May 25 2013 Latest news:
Saturday, May 12, 2012
AWARD-WINNING trumpeter, vocalist and composer Abram Wilson will perform a personal and unique new composition in Welwyn Garden City this weekend.
The New Orleans-raised jazzman’s performance at Campus West on Sunday is part of a 20-plus date UK tour, which marks 10 years of Abram living in the UK and is inspired by the short life of Harlem-born classical piano prodigy Philippa Schuyle.
Philippa became famous in the 1930s and ‘40s as a result of her talent, mixed raced and the eccentric methods employed by her mother to bring her up.
Her parents believed that inter-marriage could “invigorate” both races and produce extra-ordinary offspring.
They also advocated that mixed race marriage could help to solve many of the social problems in the US.
There had been plans to make a movie of her life in 2004, starring Alicia Keys, but as is often the case in Hollywood the film never got beyond its development stage.
So Abram is now taking up the challenge to bring Philippa’s incredible story to a wider public.
He said: “It’s a story which means a lot to so many people.
“For black people she remains a historic figure as she was for mixed race people.
“With her unconventional and often difficult childhood, children will identify with her.
“Life was much harder for women in the 1930s and 40s. So woman will be moved by her fight for independence.”
He added: “I definitely admire her, and this is an opportunity for people to understand her life.
“Philippa was born in Harlem in 1931. She was a classical pianist who had played since the age of four and performed since six.
“She travelled the world and played music for kings and queens. But every time she came back to the States there was always the issue of racism.
“While she was embraced by black audiences, she was not accepted by whites at all.
“Eventually she left music and got into journalism.
“But while reporting from the Vietnam War in 1967, she died in a helicopter crash.”
An album dedicated to Philippa will be released later this year and a stage play of her life is planned for next year.
With trumpet playing reminiscent of Freddie Hubbard, Miles Davis and Wynton Marsalis and the vocals of Sammy Davis Jr and Chet Baker, Wilson has created a unique and captivating style of melodic compositions that swing and groove.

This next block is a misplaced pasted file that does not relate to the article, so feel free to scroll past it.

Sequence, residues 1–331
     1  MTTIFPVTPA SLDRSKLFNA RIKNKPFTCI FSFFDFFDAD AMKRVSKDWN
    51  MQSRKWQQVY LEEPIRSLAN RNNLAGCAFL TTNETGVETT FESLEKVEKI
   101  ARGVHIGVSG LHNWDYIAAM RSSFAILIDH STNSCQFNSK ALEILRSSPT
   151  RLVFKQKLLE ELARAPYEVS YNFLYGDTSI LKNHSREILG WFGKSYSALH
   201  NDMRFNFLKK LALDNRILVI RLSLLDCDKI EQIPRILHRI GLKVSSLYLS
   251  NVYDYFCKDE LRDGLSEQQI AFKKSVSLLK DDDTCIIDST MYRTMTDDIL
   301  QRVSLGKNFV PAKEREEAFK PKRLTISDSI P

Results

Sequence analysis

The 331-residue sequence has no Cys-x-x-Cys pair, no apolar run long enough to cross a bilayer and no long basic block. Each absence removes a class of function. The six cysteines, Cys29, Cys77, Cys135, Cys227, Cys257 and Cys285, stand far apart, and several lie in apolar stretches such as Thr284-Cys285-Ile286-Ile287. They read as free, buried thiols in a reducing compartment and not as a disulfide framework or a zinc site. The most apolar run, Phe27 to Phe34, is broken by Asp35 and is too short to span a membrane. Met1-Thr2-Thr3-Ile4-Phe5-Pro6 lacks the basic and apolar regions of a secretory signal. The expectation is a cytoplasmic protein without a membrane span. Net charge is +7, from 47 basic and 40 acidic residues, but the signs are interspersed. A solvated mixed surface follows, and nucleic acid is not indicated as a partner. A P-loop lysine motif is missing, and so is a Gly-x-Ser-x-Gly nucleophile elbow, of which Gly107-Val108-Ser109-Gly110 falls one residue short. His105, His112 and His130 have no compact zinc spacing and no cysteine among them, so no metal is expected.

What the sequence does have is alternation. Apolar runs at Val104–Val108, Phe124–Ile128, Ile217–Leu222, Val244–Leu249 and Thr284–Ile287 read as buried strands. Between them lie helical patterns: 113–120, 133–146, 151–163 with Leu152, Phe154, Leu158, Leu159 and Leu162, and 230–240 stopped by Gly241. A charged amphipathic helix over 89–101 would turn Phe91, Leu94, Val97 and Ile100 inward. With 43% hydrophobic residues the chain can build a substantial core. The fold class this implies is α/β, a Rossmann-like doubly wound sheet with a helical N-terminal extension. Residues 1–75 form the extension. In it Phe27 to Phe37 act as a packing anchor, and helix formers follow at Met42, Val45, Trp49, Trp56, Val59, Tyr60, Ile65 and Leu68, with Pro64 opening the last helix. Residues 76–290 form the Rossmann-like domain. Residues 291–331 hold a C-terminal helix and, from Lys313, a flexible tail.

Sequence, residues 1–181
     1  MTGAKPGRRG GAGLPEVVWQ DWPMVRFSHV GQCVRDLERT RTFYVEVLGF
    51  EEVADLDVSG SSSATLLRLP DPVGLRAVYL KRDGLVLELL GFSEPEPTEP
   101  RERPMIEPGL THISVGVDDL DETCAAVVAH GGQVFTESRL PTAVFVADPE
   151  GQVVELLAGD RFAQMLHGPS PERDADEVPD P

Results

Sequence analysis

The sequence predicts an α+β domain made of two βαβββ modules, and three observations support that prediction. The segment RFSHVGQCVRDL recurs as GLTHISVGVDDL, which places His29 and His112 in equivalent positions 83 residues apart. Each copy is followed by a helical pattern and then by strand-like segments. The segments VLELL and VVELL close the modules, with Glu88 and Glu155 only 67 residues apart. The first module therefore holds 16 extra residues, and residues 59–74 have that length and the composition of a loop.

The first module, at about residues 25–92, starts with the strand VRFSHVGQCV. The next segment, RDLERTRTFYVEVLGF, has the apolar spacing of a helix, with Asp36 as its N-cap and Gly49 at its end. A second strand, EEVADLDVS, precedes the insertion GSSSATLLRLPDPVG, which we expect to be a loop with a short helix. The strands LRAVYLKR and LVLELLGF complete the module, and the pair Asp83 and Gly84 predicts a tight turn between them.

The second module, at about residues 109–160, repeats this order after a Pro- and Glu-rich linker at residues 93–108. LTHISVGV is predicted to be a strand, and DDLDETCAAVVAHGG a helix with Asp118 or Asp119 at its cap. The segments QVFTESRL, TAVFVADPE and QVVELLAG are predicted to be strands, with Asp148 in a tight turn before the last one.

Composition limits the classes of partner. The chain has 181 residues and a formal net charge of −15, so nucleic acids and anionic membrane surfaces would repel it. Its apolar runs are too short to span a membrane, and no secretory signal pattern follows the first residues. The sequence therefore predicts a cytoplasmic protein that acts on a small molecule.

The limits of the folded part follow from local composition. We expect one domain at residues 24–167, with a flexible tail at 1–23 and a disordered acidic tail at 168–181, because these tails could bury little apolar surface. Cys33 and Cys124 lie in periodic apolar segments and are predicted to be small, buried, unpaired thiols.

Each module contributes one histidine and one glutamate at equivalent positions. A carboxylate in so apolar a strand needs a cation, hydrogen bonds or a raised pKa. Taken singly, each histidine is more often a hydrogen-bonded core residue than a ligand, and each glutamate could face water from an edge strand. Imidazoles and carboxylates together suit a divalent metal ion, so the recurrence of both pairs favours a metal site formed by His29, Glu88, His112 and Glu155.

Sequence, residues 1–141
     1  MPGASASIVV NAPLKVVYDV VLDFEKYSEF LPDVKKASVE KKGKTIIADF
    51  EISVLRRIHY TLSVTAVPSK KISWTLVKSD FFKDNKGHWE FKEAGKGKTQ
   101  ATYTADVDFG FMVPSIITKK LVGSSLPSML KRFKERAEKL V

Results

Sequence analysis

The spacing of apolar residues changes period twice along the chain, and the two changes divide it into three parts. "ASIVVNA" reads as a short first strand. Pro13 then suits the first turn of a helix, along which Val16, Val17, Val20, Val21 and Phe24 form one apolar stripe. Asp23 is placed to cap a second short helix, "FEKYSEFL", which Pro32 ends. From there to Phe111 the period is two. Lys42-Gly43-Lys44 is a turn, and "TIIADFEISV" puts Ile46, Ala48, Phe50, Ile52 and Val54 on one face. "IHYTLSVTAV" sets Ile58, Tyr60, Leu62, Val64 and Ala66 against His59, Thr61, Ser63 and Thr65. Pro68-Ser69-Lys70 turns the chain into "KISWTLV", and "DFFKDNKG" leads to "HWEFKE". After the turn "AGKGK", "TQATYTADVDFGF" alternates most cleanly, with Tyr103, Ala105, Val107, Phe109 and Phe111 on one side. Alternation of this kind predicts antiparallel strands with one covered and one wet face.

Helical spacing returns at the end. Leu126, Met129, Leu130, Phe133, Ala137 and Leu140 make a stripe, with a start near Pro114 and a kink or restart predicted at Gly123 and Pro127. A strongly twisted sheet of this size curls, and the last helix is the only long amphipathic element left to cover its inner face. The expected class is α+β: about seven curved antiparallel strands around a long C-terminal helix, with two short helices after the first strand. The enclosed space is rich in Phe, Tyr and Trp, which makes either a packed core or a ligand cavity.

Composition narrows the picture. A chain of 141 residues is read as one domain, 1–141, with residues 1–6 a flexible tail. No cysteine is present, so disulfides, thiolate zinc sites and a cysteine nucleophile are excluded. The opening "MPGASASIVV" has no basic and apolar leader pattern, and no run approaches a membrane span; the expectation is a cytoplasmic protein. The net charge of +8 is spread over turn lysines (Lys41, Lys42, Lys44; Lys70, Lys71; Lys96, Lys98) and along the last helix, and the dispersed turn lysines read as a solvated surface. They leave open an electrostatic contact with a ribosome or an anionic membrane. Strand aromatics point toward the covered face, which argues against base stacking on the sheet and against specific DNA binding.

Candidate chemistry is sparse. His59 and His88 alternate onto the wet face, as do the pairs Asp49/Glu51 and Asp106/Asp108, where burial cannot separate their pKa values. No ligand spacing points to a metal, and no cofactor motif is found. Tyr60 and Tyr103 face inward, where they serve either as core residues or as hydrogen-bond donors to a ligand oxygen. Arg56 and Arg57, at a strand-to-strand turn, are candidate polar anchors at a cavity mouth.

Charismatic on stage and off, Wilson’s musicality exudes warmth, passion, virtuosity and soul.
“Jazz has blues, swing and improvisation,” he said.
“That’s been the foundation for everyone from Count Basie to Dexter Gordon, Ella Fitzgerald to Sarah Vaughan and Bessie Smith.
“It encompasses a lot of things, from rock to funk and hip-hop, but the essence is all about those same three things.
“It can be a powerful thing which promotes so many positive aspects and happiness.”
Abram’s passion for music began at the New Orleans Center for Creative Arts, where both Wynton Marsalis and Harry Connick Junior studied.
Aged 17, he won a music scholarship to Ohio Wesleyan University, where he studied music education, specialising in classical trumpet.
Abram came to London in 2002 and quickly became one of the fastest rising stars on the scene, performing and touring with renowned jazz artists such as Soweto Kinch, Julian Joseph, Denys Baptiste and Gary Crosby.
He has recorded three albums to critical acclaim and won a clutch of awards and nominations, including winner of the BBC Jazz Award for Best Band in 2004, the International Songwriting Competition two years later and the British Jazz Award for best new CD in 2007.
He will be appearing at the Campus West theatre complex, in WGC, on Sunday.
Doors open at 7.30pm and the concert starts at 8pm.
Tickets cost £11 online in advance, £13 at the door on the night and £8 for Herts Jazz members. Under-21s and students pay £5.